While many teachers discuss the importance of good study skills and their connection to academic success, few allow students ample practice within the classroom. Here are some suggestions middle school teachers can implement to help their students master these essential skills.
Set High Expectations for Study Skills
Teachers can start the new school year with a review of important study skills. Students can break into groups to create a list of important study skills, including organizational strategies, homework completion, and general study habits.
Students should rate these skills on a scale of one through ten to identify which they use most effectively, a ten, and least effectively, a one. Then, the class should discuss as a whole group which skills they would most like to improve this year. Once students have agreed on five or six important skills, they should create a class poster articulating these skills and display it prominently in the classroom.
A sample poster identifying important study skills goals for the class could resemble the following.
- plan a weekly schedule for homework and classwork using their teachers’ outline as a guide
- write down in daily planner weekly deadlines for reading assignments as well as upcoming assignments/quizzes
- obtain and complete missed work following an absence
- visit teachers during lunch or after school for extra help or to make up missed assignments
- prioritize reading assignments and meet weekly reading deadlines as evidenced on their individual reading cards
Establish Class Routines to Reinforce Study Skills
Middle school students need continuous reinforcement to establish effective study skills. While students may have learned how to take notes, write down homework assignments, and organize their classwork efficiently in elementary school, they need regular practice applying these strategies to middle school work.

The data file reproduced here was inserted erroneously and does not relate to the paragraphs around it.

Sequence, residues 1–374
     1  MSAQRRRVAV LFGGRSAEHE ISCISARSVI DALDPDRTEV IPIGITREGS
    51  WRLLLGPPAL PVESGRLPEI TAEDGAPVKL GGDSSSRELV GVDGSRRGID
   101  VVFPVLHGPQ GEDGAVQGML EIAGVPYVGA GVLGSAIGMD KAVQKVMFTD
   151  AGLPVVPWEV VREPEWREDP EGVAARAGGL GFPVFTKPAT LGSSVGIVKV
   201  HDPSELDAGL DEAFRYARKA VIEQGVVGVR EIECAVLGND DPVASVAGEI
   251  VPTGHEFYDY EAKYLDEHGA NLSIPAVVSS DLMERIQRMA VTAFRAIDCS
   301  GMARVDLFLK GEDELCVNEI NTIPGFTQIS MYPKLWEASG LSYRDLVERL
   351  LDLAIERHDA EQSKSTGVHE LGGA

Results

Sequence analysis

It is one thing for students to know what they should do – and another thing entirely for them to actually perform the task. Therefore, teachers who guide students with specific practice in class will notice improved student performance in the long term.
Teachers should establish clear daily routines in their classrooms so students know what to expect each day. If teachers want their students to be organized, they must appear organized themselves and model appropriate behavior.
With this in mind, teachers can write a daily agenda on the whiteboard listed expectations and assignments due. Even though time is limited, they should also give students class time to organize their binders and other materials. Remember, students need time to mentally transition from one class to the next.
By encouraging students at the beginning of class to pull out stray papers from their backpacks and find an appropriate storage place for them, teachers will allow students that transition time.
In addition, teachers can help students develop study routines by:
- informing students well in advance when they can expect tests, quizzes, and project deadlines and insisting they write these dates in their daily planners
- providing students with organizational tools, such as staplers, hole punchers, index cards, and sticky notes
- modeling for students how to properly maintain their binders, notebooks, and instructional materials
Teachers should strive to help students develop daily routines in the classroom. Students who practice good study skills in the classroom will eventually transfer these skills at home as well. The ultimate goal is for middle school students to work efficiently and autonomously.